Super Inuit’s debut EP sees the ambient musings of the duo’s first few singles morph into something more sophisticated, structured and tangible. Regret, memory and preservation are some of the lyrical themes running through this sharply focused project that isn’t afraid to explore the noisier, more dissonant and unnatural sides of electronic music.
Album Art 'Misgivings' (2019) by Ashley Heaton
demonstrates how well Brian Pokora and Fern Morris’s sound works over several tracks. Although these four songs aren’t the abstract sketches of Super Inuit’s previously released material, it’s not as if they’re shouty and full of hooks. This EP aims higher and delivers shoegaze-like transcendence grounded in crisp, glitchy beats.
‘Flicker’ opens the EP with swelling synth organ, distorting as it peaks and fades. Then Pokora’s signature kick-dense beats cut through and drive this menacing track forward. The sawtooth bassline signals the move away from the cleaner, more purely atmospheric sounds of tracks like ‘Chicane’ and ‘Tectonic’ and vocalist Morris asks, “Flicker are you living?
This igniting spark is followed by ‘Amber’, filtering initial existential doubts through the lens of geological time. From the moment the pulse of the hollow kick enters this drives the track until its conclusion as percussive flourishes occur all around. The song’s vibe sees Super Inuit tap a similar vein to Scottish contemporary electronic duo, Chuchoter – instrumentally it seems to capture the sweet melancholy of a music box with lots of layers and subdivisions syncing up, amounting to a soothing yet interesting aesthetic. It also features some of the EP’s best lyrics, with Morris bemoaning the desperation of millennial materialism – “All the pretty ways we decorate the cage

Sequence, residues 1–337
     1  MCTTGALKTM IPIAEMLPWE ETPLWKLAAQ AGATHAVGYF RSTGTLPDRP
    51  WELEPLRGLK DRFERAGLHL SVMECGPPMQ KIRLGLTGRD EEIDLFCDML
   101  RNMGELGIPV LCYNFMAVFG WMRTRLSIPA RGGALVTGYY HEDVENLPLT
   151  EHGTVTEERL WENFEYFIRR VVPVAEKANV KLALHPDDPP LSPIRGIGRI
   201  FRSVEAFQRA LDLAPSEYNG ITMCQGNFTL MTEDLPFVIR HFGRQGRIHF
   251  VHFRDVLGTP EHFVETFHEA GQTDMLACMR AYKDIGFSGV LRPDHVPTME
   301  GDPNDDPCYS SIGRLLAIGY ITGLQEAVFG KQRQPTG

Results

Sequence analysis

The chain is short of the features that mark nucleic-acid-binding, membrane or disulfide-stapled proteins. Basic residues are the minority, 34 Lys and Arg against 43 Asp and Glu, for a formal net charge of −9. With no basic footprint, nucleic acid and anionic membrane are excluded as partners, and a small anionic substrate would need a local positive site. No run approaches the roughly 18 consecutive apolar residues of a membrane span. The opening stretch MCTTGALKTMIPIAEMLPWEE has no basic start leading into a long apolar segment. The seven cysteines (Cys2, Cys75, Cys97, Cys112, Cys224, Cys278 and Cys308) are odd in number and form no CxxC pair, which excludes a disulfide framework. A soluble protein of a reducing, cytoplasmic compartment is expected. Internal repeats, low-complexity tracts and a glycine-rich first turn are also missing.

” – and the transience of cultures in, “with your bones the only memory of your feels
Moving beyond a futile desire to recreate and sustain the past, ‘Erase’ is less wiping the slate clean than an attempt to “reinvent this modern love
”. It is perhaps the duo’s first attempt at an electronica “ballad” and the usual frantic kick drums are absent here in favour of eccentric clicks, buzzes and chirps in the manner of a Scottish Sylvan Esso. This penultimate track showcases Pakora’s skill in creating a lush soundscape when there is more space to play with.
The EP’s concluding title track starts with an expressive, wavering synth that morphs into a moaning saw lead. Particularly notable on this track is the outstanding percussion, which is imaginatively put together and best experienced with a good pair of headphones. In contrast to the crisp, industrial-yet-organic beats the synth lines and vocals run into each other and blend with a lot of lyrical repetition. The noisy countermelody and obsessive mantras of ‘Misgivings’ turn the track into something that sounds almost like The Twilight Sad.
Super Inuit has put together a debut with a lot of promise. The duo is commendably ambitious and shows how versatile their niche can be over four strikingly different yet still cohesive tracks. Although still a little frustratingly abstract, there is definitely a lyrical thread here that draws Misgivings
together. This certainly not superficial synth-pop and the palpable philosophical anxiety that runs through the EP is a fitting complement to Pakora’s unresolved ambience.
Misgivings is out on the 5th July
Lead image: Album Art 'Misgivings' (2019) by Ashley Heaton